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Discussion Starter · #1 ·
I've tried to wade through all 69 pages of this thread and I did get more than 1/2 way through, I wish this were a whole forum with separate threads!

In any case, here's one of my 4 rams, if you read my thread on behavior, this is the "defending" ram:





Thoughts? I know you must all be bored of this game but... pretty please?[/img]

Ah, here's the post I tried to submit to the Bolivian club. Sorry! :oops:
 

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Any way you could get a closer image of its vent?

Its hard to get pictures of their sides because when I approach my tank with a camera they all stare forward, so I have to use my hands or something to distract them!
 

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colour, shape and fins look more female... where as from what I can make of the vent it looks more male... How old is this fish?
 

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Discussion Starter · #4 ·
I can blow up the picture later today as it's in a raw file at home. I don't know the age of the fish, I've only had them for over a week. If I had to guess, I'd say 6 months at the youngest.
 

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My BR has the fins and such of a male with a more female looking vent. I guess the thing to do would be to wait and see how he/she develops .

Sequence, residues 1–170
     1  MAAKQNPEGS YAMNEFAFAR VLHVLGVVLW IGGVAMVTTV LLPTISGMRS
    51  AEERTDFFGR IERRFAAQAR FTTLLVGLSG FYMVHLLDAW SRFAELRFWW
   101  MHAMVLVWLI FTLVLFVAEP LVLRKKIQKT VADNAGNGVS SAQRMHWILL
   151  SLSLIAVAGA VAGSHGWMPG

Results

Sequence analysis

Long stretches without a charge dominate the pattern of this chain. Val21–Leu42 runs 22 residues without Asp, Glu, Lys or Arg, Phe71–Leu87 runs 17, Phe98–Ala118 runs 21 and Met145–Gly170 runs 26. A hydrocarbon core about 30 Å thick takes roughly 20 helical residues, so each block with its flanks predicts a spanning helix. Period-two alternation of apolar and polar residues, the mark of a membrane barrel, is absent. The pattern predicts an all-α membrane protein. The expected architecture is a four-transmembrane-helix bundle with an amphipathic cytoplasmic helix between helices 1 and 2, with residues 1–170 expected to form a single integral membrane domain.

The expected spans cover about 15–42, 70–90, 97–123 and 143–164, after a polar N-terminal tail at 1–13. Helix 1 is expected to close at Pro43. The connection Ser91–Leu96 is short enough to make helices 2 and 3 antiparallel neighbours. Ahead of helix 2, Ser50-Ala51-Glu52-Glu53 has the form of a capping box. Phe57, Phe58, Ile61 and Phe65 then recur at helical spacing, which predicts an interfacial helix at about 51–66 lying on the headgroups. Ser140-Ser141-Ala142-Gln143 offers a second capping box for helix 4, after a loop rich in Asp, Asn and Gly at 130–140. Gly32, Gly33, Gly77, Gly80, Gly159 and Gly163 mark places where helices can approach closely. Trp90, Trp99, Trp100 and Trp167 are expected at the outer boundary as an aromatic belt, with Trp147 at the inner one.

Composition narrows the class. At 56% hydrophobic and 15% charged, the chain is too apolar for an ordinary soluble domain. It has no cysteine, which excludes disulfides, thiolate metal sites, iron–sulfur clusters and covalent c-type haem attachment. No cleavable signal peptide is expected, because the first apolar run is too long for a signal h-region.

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Discussion Starter · #7 ·
I *think* this might be a female as another ram in the tank backs into her territory and wiggles his tail end. The enticing male's vent is barely visible at all.
 

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Discussion Starter · #9 ·
I took some video last night, I apologize in advance for its poor quality. Turn off the volume, all you hear is crunching and crackling. :oops:

#1 is the Bolivian that backs into #2's territory and vent is barely visible. My uneducated guess, from what the forum has said and what I've read is that #1 is a male, #2 & #3 are females?

Ram #1:

Ram #2:

Ram #3:
 

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2 is definitely a female! The other two is hard to say on this vid. Fish number 3 is quit stressed and does display a lot of black dots. Probably he or she is sub dominant and underneath the picking order.
 

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Discussion Starter · #11 ·
Dutch Dude said:
2 is definitely a female! The other two is hard to say on this vid. Fish number 3 is quit stressed and does display a lot of black dots. Probably he or she is sub dominant and underneath the picking order.
Yeah, sorry about the bad video, it's an oldish camera and I'm no pro.

I was thinking of moving the 2 less dominant Bolivians to another tank to see what would happen between #1 & #2.
 

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Discussion Starter · #13 ·
I believe the Bolivian in the photo above is a dominant female, ovipositor appeared and was much larger, more round than anyone else in the tank.

I moved them to another tank along with a large watersprite we fondly call "Medusa" because it quickly takes over the tank. After the couple had the day to settle in, I snuck up to watch their behavior, they're still skittish with the move.